A game too awesome for one cartridge. Continue reading
I’m taking a quick time out from reviews to celebrate something very close to my heart, the music of Sonic games. I was a massive Sonic fan back in the Mega Drive days and would spend endless hours reliving the console’s four classic titles starring the blue blur and the soundtrack of each game was one of the best things about them. The music of the early Sonic games was filled with such energy powered by an astonishingly consistent array of catchy melodies that completely transcended the platform’s rather low quality sound. Every single tune from Sonic the Hedgehog, Sonic the Hedgehog 2, Sonic 3, Sonic & Knuckles and even Sonic 3D Flickies’ Island was memorable and remains to this day great to listen to. Narrowing them down to the ten best was almost impossible, I could have happily made a top 50. I’m sticking to music from Sonic’s early years, partly because that is the era I know best but mainly because that’s where all the best music is found. I’m not going to explain any of my choices, I’d rather let the music do the talking. So here are my Top Ten Sonic Themes. Continue reading
It’s all been happenning lately. Little Bear rehearsals are in full swing and half of my time has been focused on rehearsals, costume hunting and line-learning while the other half has seen me glued to the internet and the reports coming in from Los Angeles and E3. My report on Nintendo’s performance at the world’s foremost interactive entertainment event is on the way, as is The Legend of Zelda – Ocarina of Time 3D, which has me quivering with anticipation. All this has distracted me from this blog somwhat and I’m well behind in my reviewing so once again it’s time for me to apologetically cram several into one post, starting with the films.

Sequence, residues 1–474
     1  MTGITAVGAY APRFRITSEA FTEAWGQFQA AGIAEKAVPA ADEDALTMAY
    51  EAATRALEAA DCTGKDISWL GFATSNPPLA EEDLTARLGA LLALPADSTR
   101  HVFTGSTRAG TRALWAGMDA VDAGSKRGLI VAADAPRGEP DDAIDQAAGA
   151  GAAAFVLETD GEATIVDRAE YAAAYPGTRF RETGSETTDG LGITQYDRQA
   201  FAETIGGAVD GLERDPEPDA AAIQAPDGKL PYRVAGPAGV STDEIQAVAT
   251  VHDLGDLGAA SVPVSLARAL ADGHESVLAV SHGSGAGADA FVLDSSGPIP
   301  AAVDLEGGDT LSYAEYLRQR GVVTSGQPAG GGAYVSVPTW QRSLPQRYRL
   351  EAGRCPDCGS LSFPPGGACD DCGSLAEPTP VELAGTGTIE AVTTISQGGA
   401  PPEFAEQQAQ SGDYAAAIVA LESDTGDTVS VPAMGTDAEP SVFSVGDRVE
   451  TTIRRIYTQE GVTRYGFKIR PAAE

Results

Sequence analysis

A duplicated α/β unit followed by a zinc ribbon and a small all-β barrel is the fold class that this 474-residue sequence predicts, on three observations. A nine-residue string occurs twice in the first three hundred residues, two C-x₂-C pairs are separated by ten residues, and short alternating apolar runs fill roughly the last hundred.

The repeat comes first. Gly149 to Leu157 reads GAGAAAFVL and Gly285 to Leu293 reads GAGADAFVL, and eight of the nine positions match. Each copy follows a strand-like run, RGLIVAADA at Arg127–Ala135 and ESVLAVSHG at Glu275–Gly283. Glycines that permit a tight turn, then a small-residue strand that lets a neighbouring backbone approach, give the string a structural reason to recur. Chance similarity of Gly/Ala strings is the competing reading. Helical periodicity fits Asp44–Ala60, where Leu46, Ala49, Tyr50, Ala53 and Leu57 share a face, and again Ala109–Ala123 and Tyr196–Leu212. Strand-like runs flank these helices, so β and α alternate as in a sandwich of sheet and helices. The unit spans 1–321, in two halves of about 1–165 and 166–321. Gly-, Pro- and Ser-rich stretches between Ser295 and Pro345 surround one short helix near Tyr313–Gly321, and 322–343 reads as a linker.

X-Men, a superhero property I’ve always had a soft spot for, has seen its share of highs and lows on the big screen but this neat reboot comfortably registers as a high. Removing to a 1960s cold war setting First Class is a textbook prequel that chronicles the meeting of Charles Xavier and Erik Lehnsherr, aka Professor X and Magneto, one of superhero comics’ foremost pairs of frenemies. Xavier (James McAvoy) is an authority on mutation a subject of particular interest to him since he possesses telepathic powers. His expertise draws the attention of the CIA who are on the tail of ex-Nazi Sebastian Shaw (Kevin Bacon) who is also a target for Lehnsherr (Michael Fassbender), a holocaust survivor possessing the power to create magnetic fields out to wreak vengeance on the man who murdered his mother. Xavier saves Lehsherr from killing himself in pursuit of his goal and the two gradually form an unlikely friendship as they scout for mutants to join the CIA’s super secret new Division-X. Meanwhile Shaw, a mutant-supremacist commanding the ability to absorb energy plots to insite nuclear war by orchestrating the Cuban missile crisis. This dip into history lends the film a strong sense of tension and authenticity, a perfect fit for the franchise. The film’s greatest strength, surprisingly, is comedy, featuring highly amusing recruitment and training montages, great in-jokes and a perfectly judged cameo. James McAvoy appears to have a lot more fun than his reported grumblings about the script would suggest and Kevin Bacon gives a smirkingly sinister turn as the near-invincible Shaw. There are some complaints, the first few scenes don’t fit togehter very well, there are plot holes all over the place and one reel seemed to be missing a whole heap of subtitles rendering scenes in Russian a bit hard to follow but the action, characterisation, humour and acting lift the experience irriesistibly.